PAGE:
Moving on. The silence from Chase Field has now moved past the uncomfortable pause level, and has now become an apparent media blackout. At least, that's my paranoid suspicion at that stage, since I am hoping there is a feverish hive of activity going on behind the scenes. It certainly makes things tough for us who have to write about the D'backs: I have to break out the calculator, while the Republic has an article speculating on Arizona's lineup next year. The main issues are the lack of obvious leadoff and clean-up hitters - it says something about the current roster that Eric Byrnes is a candidate for both spots. I reckon a diary on the subject would be interesting. And oh, look - there one is. --->

Randy Johnson back to Arizona? No, not at all. That's according to the NY Post - which then took the odd step of a lengthy report telling us this in detail:

Despite the buzz leaking out of the desert, Randy Johnson hasn't asked the Yankees to deal him closer to his Arizona home. "He hasn't called me officially and asked me to trade him, no," GM Brian Cashman said yesterday when asked if the Big Unit requested the Yankees move him. Cashman, asked if he was attempting to move Johnson, who has a blanket no-trade clause and is 20 wins shy of 300, wouldn't comment. Alan Nero, one of Johnson's agents, said there was no truth to the rumor. "There is nothing coming out of our camp," Nero said. "I don't know where rumors start."

Ten column-inches in a major New York media outlet might have something to do with it, no? I also note Cashman's use of the word "officially", which is about as close to a green light as you'll get to a confirmation. He's owed $16m next year, and there's no way we currently have room in the salary bucket for that: dumping Eric Byrnes would be a help there though. But would we actually want him? He did win 17 games last year - more than Brandon Webb - but his ERA was a hefty 5.00, the highest in his nineteen-year career, and the first time his ERA+ has been below 100, since 1989. A balky back adds to the potential issues. Part of me would love to see RJ back on the mound for one last hurrah, but...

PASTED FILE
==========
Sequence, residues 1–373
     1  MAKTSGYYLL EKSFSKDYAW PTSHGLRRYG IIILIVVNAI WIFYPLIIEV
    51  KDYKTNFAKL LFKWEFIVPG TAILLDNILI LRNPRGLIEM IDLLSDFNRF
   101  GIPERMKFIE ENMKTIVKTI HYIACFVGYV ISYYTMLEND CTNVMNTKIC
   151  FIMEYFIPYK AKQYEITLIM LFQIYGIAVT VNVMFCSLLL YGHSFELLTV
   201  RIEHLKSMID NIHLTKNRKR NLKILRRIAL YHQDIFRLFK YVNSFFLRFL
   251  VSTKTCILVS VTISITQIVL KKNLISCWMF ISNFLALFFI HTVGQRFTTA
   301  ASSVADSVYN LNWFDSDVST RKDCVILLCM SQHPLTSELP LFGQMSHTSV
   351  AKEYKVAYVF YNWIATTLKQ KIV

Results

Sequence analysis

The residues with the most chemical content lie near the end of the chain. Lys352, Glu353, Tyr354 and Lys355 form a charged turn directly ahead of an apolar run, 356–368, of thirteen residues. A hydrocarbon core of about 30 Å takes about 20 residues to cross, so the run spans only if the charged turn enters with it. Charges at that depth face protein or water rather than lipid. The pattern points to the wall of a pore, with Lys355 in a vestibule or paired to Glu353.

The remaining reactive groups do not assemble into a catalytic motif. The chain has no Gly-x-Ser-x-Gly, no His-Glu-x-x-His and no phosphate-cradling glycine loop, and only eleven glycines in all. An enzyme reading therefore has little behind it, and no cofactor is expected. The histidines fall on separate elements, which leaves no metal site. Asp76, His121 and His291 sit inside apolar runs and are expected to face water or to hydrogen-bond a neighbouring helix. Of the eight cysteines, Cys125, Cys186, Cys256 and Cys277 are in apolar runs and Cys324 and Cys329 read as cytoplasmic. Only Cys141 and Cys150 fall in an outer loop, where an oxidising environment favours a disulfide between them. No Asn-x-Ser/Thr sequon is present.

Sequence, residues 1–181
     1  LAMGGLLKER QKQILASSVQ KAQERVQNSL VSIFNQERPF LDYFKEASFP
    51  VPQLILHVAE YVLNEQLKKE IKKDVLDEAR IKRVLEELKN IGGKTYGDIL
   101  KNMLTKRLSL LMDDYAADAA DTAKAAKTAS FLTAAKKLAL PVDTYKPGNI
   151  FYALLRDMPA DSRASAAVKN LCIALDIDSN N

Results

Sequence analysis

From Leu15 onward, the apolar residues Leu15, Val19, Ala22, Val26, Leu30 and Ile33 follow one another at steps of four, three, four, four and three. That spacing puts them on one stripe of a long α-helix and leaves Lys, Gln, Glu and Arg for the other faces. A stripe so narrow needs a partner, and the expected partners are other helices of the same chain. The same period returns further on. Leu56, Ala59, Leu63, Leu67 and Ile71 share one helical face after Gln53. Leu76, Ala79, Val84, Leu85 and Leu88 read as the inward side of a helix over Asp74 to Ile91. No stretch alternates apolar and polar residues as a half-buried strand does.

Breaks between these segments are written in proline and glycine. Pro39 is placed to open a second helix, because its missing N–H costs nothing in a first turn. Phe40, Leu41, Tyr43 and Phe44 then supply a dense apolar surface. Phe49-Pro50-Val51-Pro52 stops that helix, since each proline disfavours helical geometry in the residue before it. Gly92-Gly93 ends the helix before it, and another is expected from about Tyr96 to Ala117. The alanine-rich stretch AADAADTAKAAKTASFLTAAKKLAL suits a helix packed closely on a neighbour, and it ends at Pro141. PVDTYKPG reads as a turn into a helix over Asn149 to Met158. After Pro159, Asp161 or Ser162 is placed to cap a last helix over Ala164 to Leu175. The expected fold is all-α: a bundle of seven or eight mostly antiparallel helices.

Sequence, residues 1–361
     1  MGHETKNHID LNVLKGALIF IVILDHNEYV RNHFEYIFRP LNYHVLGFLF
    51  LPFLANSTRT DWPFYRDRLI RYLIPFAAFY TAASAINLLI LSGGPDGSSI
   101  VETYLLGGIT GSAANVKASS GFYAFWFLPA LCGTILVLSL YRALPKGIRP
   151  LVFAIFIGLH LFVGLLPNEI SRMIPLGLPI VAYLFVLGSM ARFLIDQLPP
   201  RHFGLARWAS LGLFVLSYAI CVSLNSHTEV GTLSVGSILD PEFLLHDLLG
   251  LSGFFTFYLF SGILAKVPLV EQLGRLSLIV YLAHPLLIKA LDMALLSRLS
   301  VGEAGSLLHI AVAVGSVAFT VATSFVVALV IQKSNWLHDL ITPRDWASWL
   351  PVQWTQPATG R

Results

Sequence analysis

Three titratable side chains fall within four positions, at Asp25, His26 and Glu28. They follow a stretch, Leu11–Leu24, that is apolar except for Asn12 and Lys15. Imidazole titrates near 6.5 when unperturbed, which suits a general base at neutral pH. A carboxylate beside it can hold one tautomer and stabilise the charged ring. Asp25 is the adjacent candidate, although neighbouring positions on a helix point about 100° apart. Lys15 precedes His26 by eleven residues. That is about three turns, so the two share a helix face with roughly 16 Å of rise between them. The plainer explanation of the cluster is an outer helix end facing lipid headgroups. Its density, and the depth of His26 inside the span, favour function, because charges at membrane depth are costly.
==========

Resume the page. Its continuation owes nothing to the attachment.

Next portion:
Let's hope the police don't show up today, or it might prove a little hard to explain why we have gold-painted knives dangling from the gazebo out back. It's okay: we're not taking up stylish serial slaughter: we're getting ready for the Phoenix Fear Film Festival on December 29th, which we're running, and the cleaver, Psycho knife and steak knife will be part of the awards for the film-makers. Embed 'em in a block of wood, add fake blood, and hey presto - trophies! Irritatingly, the frickin' plaques to put on them have turned out to be the most expensive part of the whole package...

Finally, the answer to the trivia question. What links Craig Counsell, David Dellucci, Steve Finley, Luis Gonzalez, Randy Johnson, Mike Koplove, Matt Mantei and Matt Williams? Answer: they're the only D'backs who have spent more than five seasons with the club at the major-league level: all had six, except for Gonzo, who stayed for eight. At the moment, Edgar Gonzalez, Jose Valverde and Brandon Webb are now our longest-serving players, each having completed four years in Arizona.